Four tribes, including those from Himachal Pradesh, Tamil Nadu, and Chhattisgarh, were added to the list of Scheduled Tribes (ST) by the Union Cabinet, which was presided over by the Prime Minister.
- Hattee community of the Trans-Giri region of Himachal Pradesh's Sirmaur district
- The most recent Cabinet decision accorded the Hattee people of the Trans-Giri region of Himachal Pradesh's Sirmaur district the designation of ST.
- After rejecting earlier requests in 1995, 2006, and 2017, the Registrar General of India approved the plea for the Hattee community to receive ST classification following the Cabinet's consent.
- Narikoravan and Kurivikkaran community - Tamil Nadu
- Binjhia in Chhattisgarh
- In Jharkhand and Odisha, but not in Chhattisgarh, Binjhia were designated as a ST.
- Gond community residing in 13 districts of Uttar Pradesh
- A request to move the Gond community, which resides in 13 districts of Uttar Pradesh, from the Scheduled Caste list to the ST list was approved by the Cabinet.
- These comprise the five divisions of the Gond community (Dhuria, Nayak, Ojha, Pathari, and Rajgond).
- Synonyms for 11 tribes in Chhattisgarh and one tribe in Karnataka included in the list
- so that persons who use different spellings and pronunciations won't be excluded from beneficiary programmes.
- The Kadu Kuruba tribe in Karnataka has been given official status as "Betta-Kuruba" by the Cabinet.
- The Cabinet in Chhattisgarh adopted the following synonyms for tribes:
- Among others, there are Bharia (other versions include Bhumia and Bhuyian), Gadhwa (Gadwa), Dhanwar (Dhanawar, Dhanuwar), Nagesia (Nagasia, Kisan), and Pondh (Pond).
The Scheduled Tribes make up 104 million people, or 8.6 percent of the population of the nation, according to the 2011 Census.
The UTs of Chandigarh, Delhi, and Puducherry, as well as the States of Haryana and Punjab, have not designated any community as a Scheduled Tribe.
Following the division of the Ministry of Social Justice and Empowerment, the Government of India established the Ministry of Tribal Affairs.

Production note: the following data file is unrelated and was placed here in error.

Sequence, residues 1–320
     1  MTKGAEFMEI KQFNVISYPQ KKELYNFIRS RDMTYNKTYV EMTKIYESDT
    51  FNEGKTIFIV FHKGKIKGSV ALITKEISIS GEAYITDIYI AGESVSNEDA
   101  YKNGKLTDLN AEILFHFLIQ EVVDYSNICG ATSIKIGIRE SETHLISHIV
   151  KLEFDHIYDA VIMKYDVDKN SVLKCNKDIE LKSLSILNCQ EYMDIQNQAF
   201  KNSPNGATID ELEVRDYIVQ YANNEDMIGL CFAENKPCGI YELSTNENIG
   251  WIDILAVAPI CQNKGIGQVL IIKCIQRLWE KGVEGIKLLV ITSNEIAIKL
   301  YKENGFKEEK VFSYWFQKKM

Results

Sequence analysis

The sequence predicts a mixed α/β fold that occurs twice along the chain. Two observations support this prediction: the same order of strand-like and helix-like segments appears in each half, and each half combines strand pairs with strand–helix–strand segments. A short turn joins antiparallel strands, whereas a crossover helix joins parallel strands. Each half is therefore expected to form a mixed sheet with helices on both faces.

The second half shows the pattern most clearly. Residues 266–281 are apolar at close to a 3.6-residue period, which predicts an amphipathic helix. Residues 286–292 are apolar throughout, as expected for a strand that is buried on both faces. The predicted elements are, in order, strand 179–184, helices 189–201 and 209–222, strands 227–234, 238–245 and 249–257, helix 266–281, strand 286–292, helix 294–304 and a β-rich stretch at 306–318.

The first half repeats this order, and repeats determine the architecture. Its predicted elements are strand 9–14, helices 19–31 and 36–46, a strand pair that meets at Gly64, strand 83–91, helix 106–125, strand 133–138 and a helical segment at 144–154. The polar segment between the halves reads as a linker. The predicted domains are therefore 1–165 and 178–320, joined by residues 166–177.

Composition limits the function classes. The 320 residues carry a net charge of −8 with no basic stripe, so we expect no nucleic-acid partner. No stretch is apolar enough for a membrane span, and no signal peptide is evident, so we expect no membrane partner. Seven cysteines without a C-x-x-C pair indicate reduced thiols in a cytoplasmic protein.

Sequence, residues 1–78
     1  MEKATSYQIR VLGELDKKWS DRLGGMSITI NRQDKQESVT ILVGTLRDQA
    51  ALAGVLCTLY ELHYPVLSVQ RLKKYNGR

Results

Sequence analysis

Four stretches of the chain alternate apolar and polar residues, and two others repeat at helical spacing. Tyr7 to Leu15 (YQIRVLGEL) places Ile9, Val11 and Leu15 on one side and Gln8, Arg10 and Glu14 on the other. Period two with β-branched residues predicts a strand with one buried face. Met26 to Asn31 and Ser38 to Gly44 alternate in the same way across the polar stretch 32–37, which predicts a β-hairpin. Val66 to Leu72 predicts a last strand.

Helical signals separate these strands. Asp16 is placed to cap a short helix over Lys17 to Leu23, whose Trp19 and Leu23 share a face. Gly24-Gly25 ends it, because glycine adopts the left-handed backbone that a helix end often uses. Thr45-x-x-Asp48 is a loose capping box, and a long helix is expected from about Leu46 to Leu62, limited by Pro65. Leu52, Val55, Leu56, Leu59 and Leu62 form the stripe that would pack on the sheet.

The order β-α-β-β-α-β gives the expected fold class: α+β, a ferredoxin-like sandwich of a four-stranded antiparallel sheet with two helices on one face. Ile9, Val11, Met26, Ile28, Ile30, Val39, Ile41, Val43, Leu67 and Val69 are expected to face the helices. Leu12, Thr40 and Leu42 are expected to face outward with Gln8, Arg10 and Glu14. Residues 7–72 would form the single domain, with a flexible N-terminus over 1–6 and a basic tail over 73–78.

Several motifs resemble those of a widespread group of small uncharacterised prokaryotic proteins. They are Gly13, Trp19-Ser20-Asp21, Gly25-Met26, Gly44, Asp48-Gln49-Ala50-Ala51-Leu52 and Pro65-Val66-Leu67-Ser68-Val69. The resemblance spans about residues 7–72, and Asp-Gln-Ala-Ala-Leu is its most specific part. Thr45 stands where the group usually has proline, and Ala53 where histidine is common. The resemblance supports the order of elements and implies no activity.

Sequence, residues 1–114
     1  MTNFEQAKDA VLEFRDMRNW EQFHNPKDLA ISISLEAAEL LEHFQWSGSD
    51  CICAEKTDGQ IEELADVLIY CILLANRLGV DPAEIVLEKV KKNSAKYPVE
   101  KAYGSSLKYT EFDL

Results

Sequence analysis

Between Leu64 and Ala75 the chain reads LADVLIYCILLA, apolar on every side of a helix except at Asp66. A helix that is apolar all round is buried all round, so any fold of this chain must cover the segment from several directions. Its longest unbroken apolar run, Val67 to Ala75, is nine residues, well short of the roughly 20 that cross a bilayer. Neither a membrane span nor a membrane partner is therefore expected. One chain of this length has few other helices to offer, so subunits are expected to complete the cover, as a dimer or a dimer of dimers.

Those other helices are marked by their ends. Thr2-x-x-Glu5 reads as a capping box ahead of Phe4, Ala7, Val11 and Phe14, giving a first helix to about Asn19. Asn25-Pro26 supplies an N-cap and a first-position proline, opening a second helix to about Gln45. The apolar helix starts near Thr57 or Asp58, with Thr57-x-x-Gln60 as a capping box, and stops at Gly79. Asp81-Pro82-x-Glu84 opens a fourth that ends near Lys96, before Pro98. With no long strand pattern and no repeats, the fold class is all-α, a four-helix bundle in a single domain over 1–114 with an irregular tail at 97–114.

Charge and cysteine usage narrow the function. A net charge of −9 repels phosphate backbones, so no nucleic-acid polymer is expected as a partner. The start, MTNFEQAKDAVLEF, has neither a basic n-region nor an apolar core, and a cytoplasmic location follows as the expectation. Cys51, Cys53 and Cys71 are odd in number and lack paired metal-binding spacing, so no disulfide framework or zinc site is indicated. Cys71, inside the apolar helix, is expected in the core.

A three-pronged strategy of social empowerment, economic empowerment, and social justice is being used to achieve the Plan's goal of empowering the indigenous people, just as it was for the Scheduled Castes.
According to Article 342, some tribal communities, sections of tribes, or groupings within tribes are considered Scheduled Tribes with reference to that State or UT.
The list of Scheduled Tribes is made public for each State and Union Territory in accordance with these regulations.
These listings are only applicable inside the boundaries of that State or UT.
An area that has been designated as a Scheduled Tribe in one State need not also be so in another.
A community may be added to the Scheduled Tribe list at any time.
The following criteria are currently used to define a community as a Scheduled Tribe:
Primitive qualities, a unique culture, remoteness from other people geographically, reluctance to interact with the community at large, and backwardness.
But the Constitution doesn't explicitly state what these standards are.
Tribal governments' respective State governments' recommendations are the first step in the process of adding tribes to the ST list.
The Registrar General of India must then approve these proposals once they are given to the Tribal Affairs Ministry for assessment.
Before the list is given to the Cabinet for a final decision, the National Commission for Scheduled Tribes must first approve it.
Source: The Hindu